“When we are no longer able to change a situation…we are challenged to change ourselves.” – Viktor Frankl
We talk with our clients a lot about the importance of being agile as an organization. As markets change, as customers change, as people change, as technology changes, our businesses have to be able to adapt. The leaders we work with take pride in being able to handle all that change – usually.
Part of being agile as an organization is having a leader who is agile themselves. In other words, it’s not enough to make change in how our businesses function. We have to be able to make change in ourselves.
That’s easier said than done. Most people claim to be flexible, but my experience is that very few people actually are. Our habits our comfortable, we like being good at the things we’re good at, the unknown frightens us, so we just keep marching to the same drummer. Unfortunately, as time goes by we sometimes need to change drummers.
Before you send unpleasant emails, please note that I’m not talking about compromising things like integrity or honesty or work ethic or any of those kinds of things. I’m talking about flexibility in how you relate to people, where you spend your time, how & what you communicate, etc. Do you really think that the habits you’ve been in since 2004 are going to be relevant in 2020? Do you really think that the skills you’ve had for twenty years will be all you need five years from now? If you do, you’ve been ignoring what kind of world we’re living in.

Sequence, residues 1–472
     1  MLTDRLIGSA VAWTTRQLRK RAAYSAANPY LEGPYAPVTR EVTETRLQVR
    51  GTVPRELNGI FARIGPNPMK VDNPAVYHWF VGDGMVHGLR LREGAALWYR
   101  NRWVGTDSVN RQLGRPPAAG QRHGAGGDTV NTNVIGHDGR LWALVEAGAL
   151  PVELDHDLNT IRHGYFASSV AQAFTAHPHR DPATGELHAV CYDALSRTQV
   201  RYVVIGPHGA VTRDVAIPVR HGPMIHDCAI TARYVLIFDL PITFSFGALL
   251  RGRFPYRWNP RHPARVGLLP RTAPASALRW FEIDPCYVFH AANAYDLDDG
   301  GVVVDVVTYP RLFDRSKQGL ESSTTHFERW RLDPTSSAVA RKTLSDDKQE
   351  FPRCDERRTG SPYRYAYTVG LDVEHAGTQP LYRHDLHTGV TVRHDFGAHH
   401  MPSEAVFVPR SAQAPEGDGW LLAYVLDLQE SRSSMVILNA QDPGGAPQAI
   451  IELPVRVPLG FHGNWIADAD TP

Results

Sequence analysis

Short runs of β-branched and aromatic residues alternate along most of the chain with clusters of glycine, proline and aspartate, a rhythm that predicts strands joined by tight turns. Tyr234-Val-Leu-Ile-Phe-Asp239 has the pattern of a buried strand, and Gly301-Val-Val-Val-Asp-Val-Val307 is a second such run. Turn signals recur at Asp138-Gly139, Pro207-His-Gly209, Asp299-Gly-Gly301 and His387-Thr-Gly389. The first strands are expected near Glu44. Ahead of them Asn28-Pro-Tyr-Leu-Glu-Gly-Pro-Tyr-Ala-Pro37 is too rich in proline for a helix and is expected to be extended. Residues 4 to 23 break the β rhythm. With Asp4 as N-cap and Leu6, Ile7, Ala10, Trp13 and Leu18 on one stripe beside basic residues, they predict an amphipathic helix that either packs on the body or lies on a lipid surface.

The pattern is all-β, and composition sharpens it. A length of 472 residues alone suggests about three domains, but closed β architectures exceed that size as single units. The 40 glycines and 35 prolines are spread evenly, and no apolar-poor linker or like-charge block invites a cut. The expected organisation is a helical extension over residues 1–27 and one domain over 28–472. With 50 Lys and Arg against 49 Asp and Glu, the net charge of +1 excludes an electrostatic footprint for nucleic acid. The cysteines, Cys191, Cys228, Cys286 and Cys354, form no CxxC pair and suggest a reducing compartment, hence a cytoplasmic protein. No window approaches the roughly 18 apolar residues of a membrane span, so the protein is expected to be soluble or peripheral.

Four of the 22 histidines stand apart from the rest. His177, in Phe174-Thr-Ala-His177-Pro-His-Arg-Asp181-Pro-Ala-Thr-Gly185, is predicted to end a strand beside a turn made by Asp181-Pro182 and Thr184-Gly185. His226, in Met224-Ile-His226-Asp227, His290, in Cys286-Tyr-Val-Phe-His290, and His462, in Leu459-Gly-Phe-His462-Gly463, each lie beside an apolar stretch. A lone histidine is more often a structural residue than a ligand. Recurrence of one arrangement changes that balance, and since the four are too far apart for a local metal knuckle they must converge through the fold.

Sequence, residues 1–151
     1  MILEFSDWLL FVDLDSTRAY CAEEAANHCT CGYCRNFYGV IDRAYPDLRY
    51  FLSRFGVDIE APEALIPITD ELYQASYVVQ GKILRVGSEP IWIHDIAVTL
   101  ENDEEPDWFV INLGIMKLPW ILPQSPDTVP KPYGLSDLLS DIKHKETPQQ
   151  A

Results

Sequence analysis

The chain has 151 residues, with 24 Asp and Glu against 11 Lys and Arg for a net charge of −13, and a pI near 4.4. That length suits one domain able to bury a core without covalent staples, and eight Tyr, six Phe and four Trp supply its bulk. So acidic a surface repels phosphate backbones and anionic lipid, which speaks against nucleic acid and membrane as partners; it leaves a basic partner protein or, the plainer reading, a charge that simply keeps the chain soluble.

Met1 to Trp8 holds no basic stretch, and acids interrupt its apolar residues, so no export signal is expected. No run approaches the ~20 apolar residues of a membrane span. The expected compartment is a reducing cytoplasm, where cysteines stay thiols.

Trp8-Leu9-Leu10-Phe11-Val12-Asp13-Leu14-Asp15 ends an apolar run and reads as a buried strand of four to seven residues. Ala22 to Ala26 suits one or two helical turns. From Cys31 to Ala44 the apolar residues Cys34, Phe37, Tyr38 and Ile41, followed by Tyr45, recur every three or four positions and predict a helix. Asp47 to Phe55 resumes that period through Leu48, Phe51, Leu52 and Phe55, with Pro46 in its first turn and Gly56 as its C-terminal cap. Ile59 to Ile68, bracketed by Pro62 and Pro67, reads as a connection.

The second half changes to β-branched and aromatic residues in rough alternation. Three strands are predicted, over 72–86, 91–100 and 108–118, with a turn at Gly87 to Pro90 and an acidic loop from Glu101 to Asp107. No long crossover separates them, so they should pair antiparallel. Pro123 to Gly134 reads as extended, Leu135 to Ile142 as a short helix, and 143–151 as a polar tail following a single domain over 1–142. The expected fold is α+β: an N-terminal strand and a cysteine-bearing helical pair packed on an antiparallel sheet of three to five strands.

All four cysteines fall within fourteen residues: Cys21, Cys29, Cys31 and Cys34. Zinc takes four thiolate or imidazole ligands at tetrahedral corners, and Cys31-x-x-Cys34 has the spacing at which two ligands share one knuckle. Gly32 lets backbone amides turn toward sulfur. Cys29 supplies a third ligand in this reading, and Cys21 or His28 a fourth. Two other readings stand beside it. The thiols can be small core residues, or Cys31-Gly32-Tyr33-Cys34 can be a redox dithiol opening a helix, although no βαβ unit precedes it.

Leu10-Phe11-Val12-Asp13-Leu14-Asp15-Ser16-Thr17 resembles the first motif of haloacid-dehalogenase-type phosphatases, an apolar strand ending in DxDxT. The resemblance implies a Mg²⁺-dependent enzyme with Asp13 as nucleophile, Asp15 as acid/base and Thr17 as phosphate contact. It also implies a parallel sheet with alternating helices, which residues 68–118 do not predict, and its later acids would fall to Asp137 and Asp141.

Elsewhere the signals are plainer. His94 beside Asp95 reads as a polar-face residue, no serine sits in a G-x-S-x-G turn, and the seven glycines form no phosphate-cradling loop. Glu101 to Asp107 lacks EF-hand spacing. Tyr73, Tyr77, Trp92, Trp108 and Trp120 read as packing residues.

Take some time right now to think about where you need to change, whether it be in terms of leadership or technical skill or focus or anything else. What will have you to be great at in 24 months’ time? What will you need to spend your time doing? If your answer is, “The same stuff as today”, you’re not trying hard enough.
Break the mold. More importantly, break your own mold.